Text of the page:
"In the winter months, rates are typically a little higher because it is during the non-construction season," Lotter told The Brazil Times. "There is also another small spike in the summer because bus drivers and cafeteria workers are not technically employed during those months, plus it is the time when manufacturers tend to revamp operations."

The state is not faring as well, sitting 43rd with a rate of 9.9 percent in January 2009. Wyoming has the lowest unemployment rate at 4.8 percent, while Michigan ranks the worst at 12.5 percent.

Lotter said counties in North Central Indiana -- most notably Noble, Lagrange and Elkhart -- have felt an even stronger effect from the dwindling economy in part because of the entire collapse of the Recreational Vehicle industry.

"No other state is exhibiting the effects of a massive collapse the way this region in Indiana has," he said.

While the state is flirting with hitting double digits for an unemployment rate, it has seen worse.

Since 1976, there have been 29 months in which the state's unemployment rate has been greater than 10 percent, all coming between May 1980 and January 1984, and topping out at 13.5 percent in January 1983.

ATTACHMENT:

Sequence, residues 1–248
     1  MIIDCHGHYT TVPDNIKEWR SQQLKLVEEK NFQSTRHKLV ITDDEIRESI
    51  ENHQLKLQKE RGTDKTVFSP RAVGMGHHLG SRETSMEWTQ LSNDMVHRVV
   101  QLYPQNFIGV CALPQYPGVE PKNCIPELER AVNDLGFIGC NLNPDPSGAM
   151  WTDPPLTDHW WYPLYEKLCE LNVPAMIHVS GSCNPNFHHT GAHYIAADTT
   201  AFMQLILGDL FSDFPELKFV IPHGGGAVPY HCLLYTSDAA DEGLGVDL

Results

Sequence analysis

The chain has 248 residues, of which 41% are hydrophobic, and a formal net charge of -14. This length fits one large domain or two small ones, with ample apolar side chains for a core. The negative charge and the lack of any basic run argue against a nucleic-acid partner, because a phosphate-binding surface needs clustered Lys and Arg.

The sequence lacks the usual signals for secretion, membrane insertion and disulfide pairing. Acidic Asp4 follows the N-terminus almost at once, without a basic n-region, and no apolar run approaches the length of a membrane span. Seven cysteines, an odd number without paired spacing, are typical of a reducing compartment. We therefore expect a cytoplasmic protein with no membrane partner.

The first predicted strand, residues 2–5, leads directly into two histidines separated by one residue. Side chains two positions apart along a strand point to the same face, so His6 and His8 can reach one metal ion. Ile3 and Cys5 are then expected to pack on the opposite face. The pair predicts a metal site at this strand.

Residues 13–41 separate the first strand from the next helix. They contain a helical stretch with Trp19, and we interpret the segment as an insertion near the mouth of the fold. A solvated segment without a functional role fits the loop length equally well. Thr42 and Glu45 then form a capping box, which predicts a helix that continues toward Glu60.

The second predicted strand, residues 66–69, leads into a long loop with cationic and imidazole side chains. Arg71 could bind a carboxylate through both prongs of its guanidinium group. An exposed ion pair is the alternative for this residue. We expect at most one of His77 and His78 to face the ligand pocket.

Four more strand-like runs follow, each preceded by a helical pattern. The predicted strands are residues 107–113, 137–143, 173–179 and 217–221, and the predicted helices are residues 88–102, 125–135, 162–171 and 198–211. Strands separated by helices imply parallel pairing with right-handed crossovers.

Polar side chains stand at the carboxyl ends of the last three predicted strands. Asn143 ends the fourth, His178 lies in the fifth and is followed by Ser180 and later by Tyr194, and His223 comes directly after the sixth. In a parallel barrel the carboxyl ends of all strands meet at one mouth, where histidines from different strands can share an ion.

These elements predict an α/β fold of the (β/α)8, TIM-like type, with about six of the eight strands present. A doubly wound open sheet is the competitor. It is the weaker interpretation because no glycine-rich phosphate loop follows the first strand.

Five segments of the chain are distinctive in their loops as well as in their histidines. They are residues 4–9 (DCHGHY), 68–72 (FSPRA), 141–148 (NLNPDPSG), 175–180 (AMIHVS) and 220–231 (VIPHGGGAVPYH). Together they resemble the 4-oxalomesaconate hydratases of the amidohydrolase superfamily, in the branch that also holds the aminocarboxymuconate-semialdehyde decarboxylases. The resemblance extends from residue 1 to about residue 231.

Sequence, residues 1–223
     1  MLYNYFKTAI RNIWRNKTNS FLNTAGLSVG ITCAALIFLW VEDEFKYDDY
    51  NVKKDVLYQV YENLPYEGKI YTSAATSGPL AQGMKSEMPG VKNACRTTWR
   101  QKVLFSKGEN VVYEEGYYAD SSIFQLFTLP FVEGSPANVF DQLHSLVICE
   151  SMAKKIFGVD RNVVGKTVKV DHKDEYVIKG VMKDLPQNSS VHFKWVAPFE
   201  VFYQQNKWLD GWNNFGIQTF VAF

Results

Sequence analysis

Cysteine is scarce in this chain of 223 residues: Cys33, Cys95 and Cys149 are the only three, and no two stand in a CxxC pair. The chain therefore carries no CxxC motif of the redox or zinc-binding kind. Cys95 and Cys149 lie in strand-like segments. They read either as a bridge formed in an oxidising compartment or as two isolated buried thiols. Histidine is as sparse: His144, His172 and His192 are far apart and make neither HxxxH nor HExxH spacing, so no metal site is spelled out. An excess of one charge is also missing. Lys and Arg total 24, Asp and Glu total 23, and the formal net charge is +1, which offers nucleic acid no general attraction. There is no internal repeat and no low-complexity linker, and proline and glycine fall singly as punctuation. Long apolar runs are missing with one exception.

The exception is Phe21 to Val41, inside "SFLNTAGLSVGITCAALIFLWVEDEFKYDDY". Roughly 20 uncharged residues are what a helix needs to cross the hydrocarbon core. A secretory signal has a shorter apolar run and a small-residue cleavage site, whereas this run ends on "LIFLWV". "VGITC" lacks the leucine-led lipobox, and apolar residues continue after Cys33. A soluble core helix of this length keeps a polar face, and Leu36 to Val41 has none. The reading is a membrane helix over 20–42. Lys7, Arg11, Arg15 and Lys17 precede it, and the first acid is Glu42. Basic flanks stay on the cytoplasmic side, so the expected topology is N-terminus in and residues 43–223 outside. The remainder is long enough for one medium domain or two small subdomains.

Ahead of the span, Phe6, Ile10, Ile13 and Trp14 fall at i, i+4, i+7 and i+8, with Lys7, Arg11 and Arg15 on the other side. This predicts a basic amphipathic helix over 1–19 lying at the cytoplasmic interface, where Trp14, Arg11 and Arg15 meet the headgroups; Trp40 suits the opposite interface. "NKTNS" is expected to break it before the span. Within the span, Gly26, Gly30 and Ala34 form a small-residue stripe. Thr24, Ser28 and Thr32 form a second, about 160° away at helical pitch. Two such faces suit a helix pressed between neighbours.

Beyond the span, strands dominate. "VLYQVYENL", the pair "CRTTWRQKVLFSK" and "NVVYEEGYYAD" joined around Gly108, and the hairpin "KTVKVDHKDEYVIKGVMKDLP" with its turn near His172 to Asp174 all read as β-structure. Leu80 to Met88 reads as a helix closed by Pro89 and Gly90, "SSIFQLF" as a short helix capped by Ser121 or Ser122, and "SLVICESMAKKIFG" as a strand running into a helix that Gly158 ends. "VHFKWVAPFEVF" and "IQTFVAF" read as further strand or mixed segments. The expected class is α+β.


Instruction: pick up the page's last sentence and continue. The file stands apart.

The lowest rate in the state since 1976 was 2.3 percent in both September and October 2000, while the lowest rate for Clay County since 1990 came in October 1998 at 3.2 percent.

One odd anomaly encompassing the increase in unemployment rates is how the number of eligible workers in the labor force had decreased.

The labor force in Clay County topped out in October 1995 at 13,492, while it is was only 12,910 in December 2008. The state has also seen a dip in the labor force in recent months as the number has decreased more than 60,000 just since July 2008, going from 3,280,395 to 3,219,681 in January.

"Many factors also affect the number of workers in the labor force," Lotter told The Brazil Times. "It may fluctuate because of people moving out of the area or state, as well as those retiring and no longer participating in the workforce."

Since January 2008, increases and decreases in the unemployment rate of the state have almost mirrored that of Clay County's.

While economics can be a tough aspect of life to figure out, one could deduce that how it affects the state as a whole may soon enough affect the workers in Clay County.

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"There has been a decrease in all sectors of the workforce," Lotter said. "The biggest impact areas have mainly been the manufacturing and retail sectors."

I think this statement bears repeating. How can people read this and STILL not be engaged in pushing their children to get the best and highest level of education possible?